Bill Pierce
Nuts & Bolts

October 2002

Film vs. Digital

Today there is a debate going on over the superiority of film vs. digital.
I heard one photographer say, "It's just like the old days with the
Kodachrome versus High Speed Ektachrome. "

Talk about faulty memories. Nobody argued about a quality difference
between Kodachrome and Ektachrome. Kodachrome was the undisputed King, not
just against High Speed Ektachrome, but against all the E6 films.

Today, when you compare film vs. digital, if you are a photojournalist, you
are really comparing 35-mm, high speed color negative films and digital
images. But, you still hear, "Of course, they look the same in print, but
what about the prints in the exhibit honoring my life time of photographic
achievement?" I'm not sure that even that difference is as great as many

Today's high-speed color negative films are remarkable compared to their
predecessors. The 160/200 ISO films are remarkable compared to the high
speed films. But color neg is going to lose the "sharpness" battle when
compared to not only Kodachrome, but slower E6 films. Obviously, no color
film wins when they are compared to black-and-white films of similar speed.

Digital gets better and better. Canon introduces a full frame digital
camera that delivers 11 meg files. It's not a studio camera; it's a
handheld, photojournalist's camera in the EOS style. It's hard to say what
this means until we see results. One thing you probably can say is that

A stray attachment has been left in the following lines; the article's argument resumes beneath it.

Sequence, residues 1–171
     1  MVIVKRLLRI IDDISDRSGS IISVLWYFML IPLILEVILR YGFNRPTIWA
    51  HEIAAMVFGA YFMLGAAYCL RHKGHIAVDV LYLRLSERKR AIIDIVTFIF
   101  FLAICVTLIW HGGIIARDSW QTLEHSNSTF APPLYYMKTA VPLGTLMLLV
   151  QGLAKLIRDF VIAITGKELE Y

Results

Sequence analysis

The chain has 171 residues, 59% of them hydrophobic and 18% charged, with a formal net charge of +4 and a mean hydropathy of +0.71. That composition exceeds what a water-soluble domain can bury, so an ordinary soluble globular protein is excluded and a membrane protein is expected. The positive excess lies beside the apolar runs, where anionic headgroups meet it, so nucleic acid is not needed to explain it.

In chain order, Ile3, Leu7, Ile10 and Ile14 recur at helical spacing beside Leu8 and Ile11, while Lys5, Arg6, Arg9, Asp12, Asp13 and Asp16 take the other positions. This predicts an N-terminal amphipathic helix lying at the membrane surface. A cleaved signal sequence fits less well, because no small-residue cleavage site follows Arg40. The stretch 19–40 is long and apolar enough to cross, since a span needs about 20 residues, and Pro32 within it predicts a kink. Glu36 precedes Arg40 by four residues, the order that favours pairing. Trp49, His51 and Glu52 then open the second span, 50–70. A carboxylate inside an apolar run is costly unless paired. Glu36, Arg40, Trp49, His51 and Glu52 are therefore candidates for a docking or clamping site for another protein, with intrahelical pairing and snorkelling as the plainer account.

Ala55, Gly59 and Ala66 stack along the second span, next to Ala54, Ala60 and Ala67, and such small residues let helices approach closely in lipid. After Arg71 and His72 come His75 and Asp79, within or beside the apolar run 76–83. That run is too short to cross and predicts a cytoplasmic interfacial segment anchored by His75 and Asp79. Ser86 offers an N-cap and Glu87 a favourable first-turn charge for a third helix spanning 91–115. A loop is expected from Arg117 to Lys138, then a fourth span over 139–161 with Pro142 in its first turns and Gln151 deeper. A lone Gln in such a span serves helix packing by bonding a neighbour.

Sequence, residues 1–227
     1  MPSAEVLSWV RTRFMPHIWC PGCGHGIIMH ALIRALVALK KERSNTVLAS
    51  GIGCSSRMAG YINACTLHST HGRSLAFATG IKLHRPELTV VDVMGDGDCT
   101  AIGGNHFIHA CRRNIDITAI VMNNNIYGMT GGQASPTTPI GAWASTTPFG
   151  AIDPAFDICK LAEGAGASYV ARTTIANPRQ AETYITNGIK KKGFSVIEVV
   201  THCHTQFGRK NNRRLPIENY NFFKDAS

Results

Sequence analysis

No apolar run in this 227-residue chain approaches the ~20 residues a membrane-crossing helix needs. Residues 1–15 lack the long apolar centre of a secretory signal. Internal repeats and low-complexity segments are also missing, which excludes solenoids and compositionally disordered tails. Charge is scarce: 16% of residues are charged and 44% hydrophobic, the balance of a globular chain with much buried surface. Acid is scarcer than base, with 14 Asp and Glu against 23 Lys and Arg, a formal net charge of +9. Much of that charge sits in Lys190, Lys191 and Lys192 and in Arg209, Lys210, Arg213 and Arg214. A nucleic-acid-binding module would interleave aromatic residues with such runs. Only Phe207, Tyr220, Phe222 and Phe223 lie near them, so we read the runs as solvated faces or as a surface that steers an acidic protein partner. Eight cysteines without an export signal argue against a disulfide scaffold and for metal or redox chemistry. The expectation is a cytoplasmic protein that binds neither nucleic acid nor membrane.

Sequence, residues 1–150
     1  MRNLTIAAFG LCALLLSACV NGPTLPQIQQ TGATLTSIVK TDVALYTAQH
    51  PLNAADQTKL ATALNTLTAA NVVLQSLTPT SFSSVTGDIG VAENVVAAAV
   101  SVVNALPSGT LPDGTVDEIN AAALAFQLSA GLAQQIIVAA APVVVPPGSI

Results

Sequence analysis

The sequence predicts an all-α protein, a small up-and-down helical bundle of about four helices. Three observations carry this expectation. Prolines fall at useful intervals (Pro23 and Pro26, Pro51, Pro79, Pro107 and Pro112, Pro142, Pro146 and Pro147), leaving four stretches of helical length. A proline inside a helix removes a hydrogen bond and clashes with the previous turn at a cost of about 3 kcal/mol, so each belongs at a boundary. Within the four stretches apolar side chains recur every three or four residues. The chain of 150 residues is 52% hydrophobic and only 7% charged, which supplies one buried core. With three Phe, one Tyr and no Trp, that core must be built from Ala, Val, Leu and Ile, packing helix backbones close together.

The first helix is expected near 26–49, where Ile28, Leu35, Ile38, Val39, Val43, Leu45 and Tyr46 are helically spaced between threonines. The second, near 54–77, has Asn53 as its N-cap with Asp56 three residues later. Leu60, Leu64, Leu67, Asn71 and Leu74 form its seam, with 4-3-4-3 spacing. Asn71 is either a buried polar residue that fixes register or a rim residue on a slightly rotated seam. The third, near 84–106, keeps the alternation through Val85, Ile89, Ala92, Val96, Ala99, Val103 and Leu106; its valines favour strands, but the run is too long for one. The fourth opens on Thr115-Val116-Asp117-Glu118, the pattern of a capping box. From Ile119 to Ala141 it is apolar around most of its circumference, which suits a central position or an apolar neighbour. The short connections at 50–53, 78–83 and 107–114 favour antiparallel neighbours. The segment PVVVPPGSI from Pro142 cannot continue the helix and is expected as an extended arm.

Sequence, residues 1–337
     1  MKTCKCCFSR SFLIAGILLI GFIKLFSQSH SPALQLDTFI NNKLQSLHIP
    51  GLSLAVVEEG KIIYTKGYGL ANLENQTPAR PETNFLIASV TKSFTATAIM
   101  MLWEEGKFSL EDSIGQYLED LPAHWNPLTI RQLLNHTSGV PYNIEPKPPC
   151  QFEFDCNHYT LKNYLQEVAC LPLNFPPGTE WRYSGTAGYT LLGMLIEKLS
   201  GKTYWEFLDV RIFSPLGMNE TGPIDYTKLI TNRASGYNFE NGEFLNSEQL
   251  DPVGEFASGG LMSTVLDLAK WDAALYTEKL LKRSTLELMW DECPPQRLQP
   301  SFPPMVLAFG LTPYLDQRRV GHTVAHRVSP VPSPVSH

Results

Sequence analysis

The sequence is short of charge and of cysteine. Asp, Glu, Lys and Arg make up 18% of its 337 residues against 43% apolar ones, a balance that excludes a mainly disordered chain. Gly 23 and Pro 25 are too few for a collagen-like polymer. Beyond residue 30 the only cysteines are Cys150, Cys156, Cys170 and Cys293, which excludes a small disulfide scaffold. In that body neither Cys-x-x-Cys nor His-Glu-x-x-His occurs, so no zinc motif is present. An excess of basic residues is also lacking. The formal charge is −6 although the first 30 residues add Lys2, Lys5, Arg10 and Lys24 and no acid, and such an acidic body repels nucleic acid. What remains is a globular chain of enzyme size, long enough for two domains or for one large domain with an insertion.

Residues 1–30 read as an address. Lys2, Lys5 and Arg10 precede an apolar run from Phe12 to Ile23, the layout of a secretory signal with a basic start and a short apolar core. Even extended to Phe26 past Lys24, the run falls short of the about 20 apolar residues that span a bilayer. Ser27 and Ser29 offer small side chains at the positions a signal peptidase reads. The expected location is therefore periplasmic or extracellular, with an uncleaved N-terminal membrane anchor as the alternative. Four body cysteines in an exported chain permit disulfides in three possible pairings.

someone will come along and top those figures. Color neg and digital will
both improve, but digital probably has more head room for vulgate

And, guess what? To put a film or digital camera in the hands of a
photojournalist and to search for which has the technical edge is absurd.
Handheld exposures below a 250th of a second. Rapidly moving subjects and
slight focusing inaccuracies. Optimum results may be the stuff that testing
is justifiably about - but journalism isn't about optimizing technical

The good news? Using limited materials below their capablilities doesn't
mean that you can't come up with strong, powerful images that are better
photographs than images that only display technical excellence. This rather
obvious statement doesn't just refer to the Capa shot of the Spanish Civil
War soldier being shot. It refers to the work of every early pioneer of
35-mm available light photography. It goes for the newspaper photographer
who snuck into the courtroom and Bresson, Smith and Mydans who were equally
unobtrusive in different worlds. It goes for the photographer who always
has a camera with him, and is always ready to use it. On a lesser level, it
goes for every less-than-perfect family snapshot that brings a joyous
recollection of a wonderful event.

And, today, it goes for every photojournalist out there who is shooting
color negative or digital. But I do wish they would stop arguing about
whose pictures are "sharper."

Bill Pierce
Contributing Writer

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